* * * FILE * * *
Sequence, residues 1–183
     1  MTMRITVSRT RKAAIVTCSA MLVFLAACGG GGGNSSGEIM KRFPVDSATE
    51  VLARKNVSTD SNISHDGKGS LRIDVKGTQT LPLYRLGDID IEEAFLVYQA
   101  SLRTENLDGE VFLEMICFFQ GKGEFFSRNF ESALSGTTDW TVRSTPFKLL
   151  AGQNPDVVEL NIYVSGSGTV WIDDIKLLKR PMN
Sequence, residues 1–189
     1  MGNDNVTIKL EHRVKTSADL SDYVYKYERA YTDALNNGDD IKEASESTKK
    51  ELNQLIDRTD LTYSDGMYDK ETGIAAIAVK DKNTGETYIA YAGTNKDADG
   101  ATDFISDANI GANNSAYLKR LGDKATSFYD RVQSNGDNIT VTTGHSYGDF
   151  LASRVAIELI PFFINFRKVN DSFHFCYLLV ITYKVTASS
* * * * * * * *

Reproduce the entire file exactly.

Sequence, residues 1–183
     1  MTMRITVSRT RKAAIVTCSA MLVFLAACGG GGGNSSGEIM KRFPVDSATE
    51  VLARKNVSTD SNISHDGKGS LRIDVKGTQT LPLYRLGDID IEEAFLVYQA
   101  SLRTENLDGE VFLEMICFFQ GKGEFFSRNF ESALSGTTDW TVRSTPFKLL
   151  AGQNPDVVEL NIYVSGSGTV WIDDIKLLKR PMN
Sequence, residues 1–189
     1  MGNDNVTIKL EHRVKTSADL SDYVYKYERA YTDALNNGDD IKEASESTKK
    51  ELNQLIDRTD LTYSDGMYDK ETGIAAIAVK DKNTGETYIA YAGTNKDADG
   101  ATDFISDANI GANNSAYLKR LGDKATSFYD RVQSNGDNIT VTTGHSYGDF
   151  LASRVAIELI PFFINFRKVN DSFHFCYLLV ITYKVTASS